There are numerous carved stones around Scotland, some of which have been dated to around 4 AD. They are recognisable by their beautiful art, carved
centuries ago by the Picts.
To date, there is no unified theory about either the meaning of the stones or the meaning of the symbols. Some researchers have put forward the idea
that the stones were markers of clan boundaries, others that they were grave markers of prominent individuals.
Several theories have been advanced to explain the meaning and function of the symbols. In the absence of written Pictish records, any interpretation
is speculative. Nonetheless one theory has emerged as the most plausible and coherent. It is thought that certain combinations of the symbols –
which usually appear in pairs – probably represent the names of individual people or families.
On the 350 or so Pictish stones so far discovered, around 40 different symbols have been identified, falling into three distinct groups. The first
group of symbols are perhaps the most distinctive aspect of Pictish culture. These are the abstract, or geometric designs: extraordinary, recurrent
and consistent. They are stylised in many different ways, but remain remarkably consistent over time and distance. Though they are not
representational, some have been named after recognisable objects, such as the ‘tuning fork’ or ‘mirror case’. Others are known only by
descriptive names, the most common being the ‘crescent and V-rod’ and the ‘double-disc and Z-rod’.
The second group consists of creatures, real or mythical. The real creatures are those which have at least in the past been indigenous to Scotland,
such as snakes, eagles, wolves and bears. But the most common animal symbol is a curious creature with a pointed snout, curling antennae and curved,
fin-like limbs. Known as the ‘Pictish beast’, it is sometimes likened to a dolphin or an elephant, but is clearly a hybrid born of the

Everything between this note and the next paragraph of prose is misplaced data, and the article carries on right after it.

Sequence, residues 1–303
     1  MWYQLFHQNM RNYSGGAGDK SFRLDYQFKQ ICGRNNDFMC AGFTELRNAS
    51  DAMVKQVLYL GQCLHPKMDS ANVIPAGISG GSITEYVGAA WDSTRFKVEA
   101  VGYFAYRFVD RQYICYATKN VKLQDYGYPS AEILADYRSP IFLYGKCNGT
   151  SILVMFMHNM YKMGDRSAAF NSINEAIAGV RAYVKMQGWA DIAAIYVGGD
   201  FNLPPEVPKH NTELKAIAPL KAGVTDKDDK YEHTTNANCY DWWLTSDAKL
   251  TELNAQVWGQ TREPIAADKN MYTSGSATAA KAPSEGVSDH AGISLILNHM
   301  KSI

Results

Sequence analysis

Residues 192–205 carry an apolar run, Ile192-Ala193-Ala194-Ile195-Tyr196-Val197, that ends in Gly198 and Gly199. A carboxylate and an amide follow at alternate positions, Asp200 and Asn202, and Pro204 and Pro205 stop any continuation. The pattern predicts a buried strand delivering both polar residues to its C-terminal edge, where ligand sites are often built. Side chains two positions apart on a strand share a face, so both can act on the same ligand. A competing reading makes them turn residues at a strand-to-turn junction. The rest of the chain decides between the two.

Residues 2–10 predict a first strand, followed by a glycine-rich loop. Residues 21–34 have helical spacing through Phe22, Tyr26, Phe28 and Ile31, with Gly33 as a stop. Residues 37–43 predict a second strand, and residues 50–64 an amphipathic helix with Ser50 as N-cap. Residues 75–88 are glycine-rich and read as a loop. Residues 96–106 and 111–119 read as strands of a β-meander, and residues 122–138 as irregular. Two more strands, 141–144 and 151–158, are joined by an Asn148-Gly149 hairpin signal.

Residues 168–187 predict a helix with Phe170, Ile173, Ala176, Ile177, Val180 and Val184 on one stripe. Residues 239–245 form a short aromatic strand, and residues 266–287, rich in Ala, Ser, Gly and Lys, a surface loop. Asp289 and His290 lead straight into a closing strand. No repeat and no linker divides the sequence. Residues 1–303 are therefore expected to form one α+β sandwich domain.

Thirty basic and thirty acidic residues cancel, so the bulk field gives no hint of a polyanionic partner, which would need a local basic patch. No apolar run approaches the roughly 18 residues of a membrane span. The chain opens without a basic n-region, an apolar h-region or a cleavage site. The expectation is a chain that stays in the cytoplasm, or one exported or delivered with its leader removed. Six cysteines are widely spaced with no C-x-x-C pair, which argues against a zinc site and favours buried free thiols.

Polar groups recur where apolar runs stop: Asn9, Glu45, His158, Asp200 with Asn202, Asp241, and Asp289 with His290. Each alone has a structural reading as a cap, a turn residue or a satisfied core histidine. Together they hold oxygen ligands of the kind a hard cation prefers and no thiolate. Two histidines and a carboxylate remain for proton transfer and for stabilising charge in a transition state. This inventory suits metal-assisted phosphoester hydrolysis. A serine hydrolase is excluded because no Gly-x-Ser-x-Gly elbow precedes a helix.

imagination. It is completely unique to the Picts.
The third group represents mundane ‘real life’ objects, often in pairs – mirror and comb; hammer and anvil; tongs and shears. These symbols
often appear towards the foot of a stone. It is thought they may qualify the meaning of any symbols carved above.
The symbols occur on stones the length and breadth of Pictland, from the Forth to Shetland. This implies that they were understood by all Picts, and
in some way were a common visual language. They are usually combined in pairs – abstract with abstract or abstract with animal. Abstract symbols are
more common; and as a rule animal symbols usually only appear in the company of abstract ones.
Work is also being undertaken at the University of Exeter, where an entropy study
is exploring the
possibility that the symbols are in fact much closer to a modern written language than to random symbols.
The Pictish Stone Database
at the University of Strathclyde has catalogued
every known stone, and is an invaluable resource.
images of the stones in 3D.
Equally intriguing are the carved stone balls
found in Scotland and dating from as far back as around 3000bc.
Little is known about the people we call the Picts –our ancestors-, but it is not unreasonable to assume that they lived in clan society, as
Scotland continued to do until around the 18th century.
It is the pre-Christian geometric patterns that really intrigue me, and I wondered, given the breadth of artistic, pagan, symbolic etc knowledge on
ATS, if some of the designs seemed obvious to other people?
This is just speculative, and anybody is most welcome to express an opinion. There is no right or wrong here, we are just wondering together.
The symbols are presented below, along with some suggestions from other sources*.
Any ideas? If you were going to go the trouble of carving a stone, what would you be intent on portraying?
*I won’t list all the authors as sources, for readability, but suffice to say any ideas that are presented are not my own, unless stated
The Pictish Beastie - dolphin
The V rod - mother goddess, Bride/Cailleach,
The z rod – broken arrow ( I think this looks mechanical, husband says a tool for measuring angles)
The ‘tuning fork’ – broken sword
The cauldron – cauldron; earth, sun and moon
The notched rectangle – inside of a broch
A few more examples given below.
Thanks in advance!